Filmed in NC Fund
The Filmed in NC Fund supports the production of indie film and video projects by artists who are permanent residents of North Carolina, as well as full-time students at colleges or universities in North Carolina living in the state year round. The Filmed in NC Fund is made possible through the partnership between the NC Film Office and Cucalorus Film Foundation, and through the generosity of Artless Media in conjunction with The Magnifying Glass. It is intended to support the development and production of new and ongoing projects with total budgets under $250,000. Selected projects are supported with funds ranging from $500 to $3,000 per project.
The Filmed in NC Fund supports emerging and established artists with a proven record for producing singular and original work, exhibiting potential for meaningful community impact and generating substantial economic activity in North Carolina. This program supports narrative, documentary, and experimental films and includes projects at various stages of production (new and existing projects). While the program prioritizes funding for female filmmakers, filmmakers of color, and LGBTQ+ identifying filmmakers, anyone and everyone is is taken into consideration.
2023 Filmed in NC awardees:
- Syd X. Porter for The Snallygaster, a narrative feature about a recovering drug addict that finds herself caught up in the town cult to sedate a demon, called the Snallygaster.
- Andie Morgenlander for Whistle Down Wind, a narrative feature about a drunken teenage kiss, a hidden love affair and the conservative ideologies of two friends that force them to confront the truth about their sexualities.
- Brady Jacquin for Nightingale, a narrative feature focusing on a recovering alcoholic struggling to cope with the sudden murder of his fiance, turning to violence as his only way out.
- Lydia Carnell Hyslop for Sheila Got Bangs, a narrative feature about a missing brother and estranged sisters reuniting to wrestle with ghosts of the past and seeking redemption.
- Resita Cox for Basketball Heaven, a documentary feature that takes a poetic look at how a predominantly Black community continues to produce the greatest NBA players in the world.
- Bree L. Davis and Stewart Nelsen for Tale of the Bull, a documentary feature about Darryl Howard, who was exonerated after spending 20 years in prison for murders he didn’t commit.
- Linda Royal for Minnie Evans: Draw or Die, a documentary feature that reveals the artistic mastery of one of the most important American artists of the 20th century.
- Stephanie Diane Ford for Untitled Youth Camp Documentary, a documentary short chronicling the creation of a sexual violence awareness program at an annual youth summer camp.
- Pierce Freelon for Where Our Spirits Reside, a documentary short that follows jazz vocalist Nnenna Freelon, who wraps her grief in paper mache for a puppet show about transformation and healing.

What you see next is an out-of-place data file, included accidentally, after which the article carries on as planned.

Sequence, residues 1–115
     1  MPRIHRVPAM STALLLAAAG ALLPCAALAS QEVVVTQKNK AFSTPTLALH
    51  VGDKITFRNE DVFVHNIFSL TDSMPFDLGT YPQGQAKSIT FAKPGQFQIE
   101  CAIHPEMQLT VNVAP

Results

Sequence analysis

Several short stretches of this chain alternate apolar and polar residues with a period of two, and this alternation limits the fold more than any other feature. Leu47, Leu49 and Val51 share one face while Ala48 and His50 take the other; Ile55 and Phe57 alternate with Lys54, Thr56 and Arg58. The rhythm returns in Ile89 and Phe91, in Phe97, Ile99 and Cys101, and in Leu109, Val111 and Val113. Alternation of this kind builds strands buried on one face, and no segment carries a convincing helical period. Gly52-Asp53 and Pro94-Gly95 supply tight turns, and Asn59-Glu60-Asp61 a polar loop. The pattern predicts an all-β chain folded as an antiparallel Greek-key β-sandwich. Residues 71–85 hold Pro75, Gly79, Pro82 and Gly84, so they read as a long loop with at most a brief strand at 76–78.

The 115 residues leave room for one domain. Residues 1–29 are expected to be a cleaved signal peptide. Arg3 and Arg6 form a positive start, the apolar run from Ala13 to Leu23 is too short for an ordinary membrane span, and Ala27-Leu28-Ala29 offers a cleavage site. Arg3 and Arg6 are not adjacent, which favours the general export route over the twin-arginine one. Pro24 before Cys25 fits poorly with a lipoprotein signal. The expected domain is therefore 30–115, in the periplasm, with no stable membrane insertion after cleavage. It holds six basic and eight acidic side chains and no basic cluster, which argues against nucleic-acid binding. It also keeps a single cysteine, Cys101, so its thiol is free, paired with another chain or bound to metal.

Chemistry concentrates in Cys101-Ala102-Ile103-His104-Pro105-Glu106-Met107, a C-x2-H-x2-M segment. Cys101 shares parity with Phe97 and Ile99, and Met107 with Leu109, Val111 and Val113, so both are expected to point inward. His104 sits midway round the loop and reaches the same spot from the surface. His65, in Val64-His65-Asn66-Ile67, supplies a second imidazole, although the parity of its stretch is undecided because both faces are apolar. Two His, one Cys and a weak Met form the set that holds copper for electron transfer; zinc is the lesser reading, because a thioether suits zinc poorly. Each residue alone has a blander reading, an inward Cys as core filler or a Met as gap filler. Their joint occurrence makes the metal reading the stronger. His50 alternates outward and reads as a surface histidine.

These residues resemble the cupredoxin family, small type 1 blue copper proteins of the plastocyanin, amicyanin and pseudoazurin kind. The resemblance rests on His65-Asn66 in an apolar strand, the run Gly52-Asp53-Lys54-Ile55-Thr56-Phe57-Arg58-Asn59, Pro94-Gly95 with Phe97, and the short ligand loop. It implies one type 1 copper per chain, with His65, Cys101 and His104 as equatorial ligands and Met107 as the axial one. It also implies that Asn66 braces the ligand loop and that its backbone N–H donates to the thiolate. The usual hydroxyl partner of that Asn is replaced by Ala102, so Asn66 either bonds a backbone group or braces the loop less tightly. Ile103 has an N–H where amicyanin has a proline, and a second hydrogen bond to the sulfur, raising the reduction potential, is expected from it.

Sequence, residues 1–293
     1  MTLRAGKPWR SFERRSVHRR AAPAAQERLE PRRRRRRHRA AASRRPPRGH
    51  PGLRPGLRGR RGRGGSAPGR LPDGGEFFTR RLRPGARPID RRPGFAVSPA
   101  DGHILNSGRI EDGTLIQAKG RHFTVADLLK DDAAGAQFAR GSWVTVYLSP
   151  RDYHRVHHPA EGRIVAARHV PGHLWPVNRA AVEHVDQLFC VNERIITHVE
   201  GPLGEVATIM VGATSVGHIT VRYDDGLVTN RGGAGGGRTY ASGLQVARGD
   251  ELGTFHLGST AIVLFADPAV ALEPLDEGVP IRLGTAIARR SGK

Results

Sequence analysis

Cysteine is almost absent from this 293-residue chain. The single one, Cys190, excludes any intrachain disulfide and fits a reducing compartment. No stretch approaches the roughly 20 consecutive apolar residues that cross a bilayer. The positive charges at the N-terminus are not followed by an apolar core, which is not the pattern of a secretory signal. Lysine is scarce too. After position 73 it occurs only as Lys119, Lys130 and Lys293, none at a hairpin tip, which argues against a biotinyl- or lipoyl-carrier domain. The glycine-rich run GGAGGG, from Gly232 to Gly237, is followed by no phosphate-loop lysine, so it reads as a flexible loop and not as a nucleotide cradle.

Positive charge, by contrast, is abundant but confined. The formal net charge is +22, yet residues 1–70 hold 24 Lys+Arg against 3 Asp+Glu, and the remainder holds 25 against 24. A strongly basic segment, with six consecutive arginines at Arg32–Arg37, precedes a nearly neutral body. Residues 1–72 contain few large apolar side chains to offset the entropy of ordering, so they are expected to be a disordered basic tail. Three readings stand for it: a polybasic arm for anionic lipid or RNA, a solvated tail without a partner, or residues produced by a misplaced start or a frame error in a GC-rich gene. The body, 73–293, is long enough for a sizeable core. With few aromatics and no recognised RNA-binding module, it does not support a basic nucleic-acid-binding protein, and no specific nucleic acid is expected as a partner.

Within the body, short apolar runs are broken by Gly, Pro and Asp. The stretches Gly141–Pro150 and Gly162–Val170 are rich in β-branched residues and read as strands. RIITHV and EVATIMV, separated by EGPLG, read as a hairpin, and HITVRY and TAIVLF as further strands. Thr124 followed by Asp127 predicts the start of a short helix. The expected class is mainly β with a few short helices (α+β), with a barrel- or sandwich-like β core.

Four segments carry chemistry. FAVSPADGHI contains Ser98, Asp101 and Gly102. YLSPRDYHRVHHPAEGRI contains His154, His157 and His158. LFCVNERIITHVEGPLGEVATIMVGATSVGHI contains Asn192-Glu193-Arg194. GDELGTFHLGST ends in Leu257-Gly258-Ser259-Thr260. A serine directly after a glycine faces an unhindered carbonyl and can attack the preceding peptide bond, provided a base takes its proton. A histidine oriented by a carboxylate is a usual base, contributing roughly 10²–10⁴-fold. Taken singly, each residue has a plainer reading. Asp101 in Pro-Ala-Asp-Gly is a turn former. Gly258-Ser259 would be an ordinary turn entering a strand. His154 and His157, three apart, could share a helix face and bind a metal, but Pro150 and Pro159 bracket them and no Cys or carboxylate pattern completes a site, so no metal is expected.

- Malinda Maynor Lowery for LUMBEELAND, a narrative short about a quick-tempered Native American drug dealer escaping the shadow of his cannabis kingpin grandfather.
- Madison Cavalchire and Maddie Stambler for The Unknown Metal Box, a documentary short about a Durham artist’s mission to reunite a box of photo negatives he found in the 1980s with its original owner.
- Tatyana Marie for Anxiety & Me, a narrative short that follows a humanized version of a young girl’s anxiety when she invites over her crush, trapping her emotions and causing chaos within.
- Erwick D’Souza for earthlings, a narrative short about two astronauts on a wayward mission, facing death and coming to terms with their own mortality.
- Joshua Perez for The Day the Music Stopped: The Story of Sugar Hill, a documentary feature that explores the turbulent history of Kinston, NC’s infamous red-light district, Sugar Hill, and its profound impact on music, civil rights, and the local economy.
- Angela Hollowell for Saying Goodbye to Forever Chemicals, a documentary short about the fight for clean water in Eastern North Carolina.
- Cassidy Scott for Lady in Waiting, a narrative short about Lady Cecelia, who must marry to save her family’s prosperity and reveal her true feelings to her new lady-in-waiting.
- Camden Watts for Picturing Pigs, a documentary short about two photographers navigating obstacles to remind travelers that pigs are more than just food.
- Yasaman Baghban for Eight Gates, a documentary short that tells the story of Htarsu, a 39-year-old Myanmar activist, and her children, living in Durham as refugees.
- Stefani Byrd for Here-There, an experimental immersive sound and video installation that investigates how the transcontinental railroad, capitalism, westward expansionism, and labor unions have shaped the American psyche.
- Rodney Stringfellow for How to Haunt a House, a narrative short that follows a woman with a well-earned grudge against her brother who is visited by an angry ghost.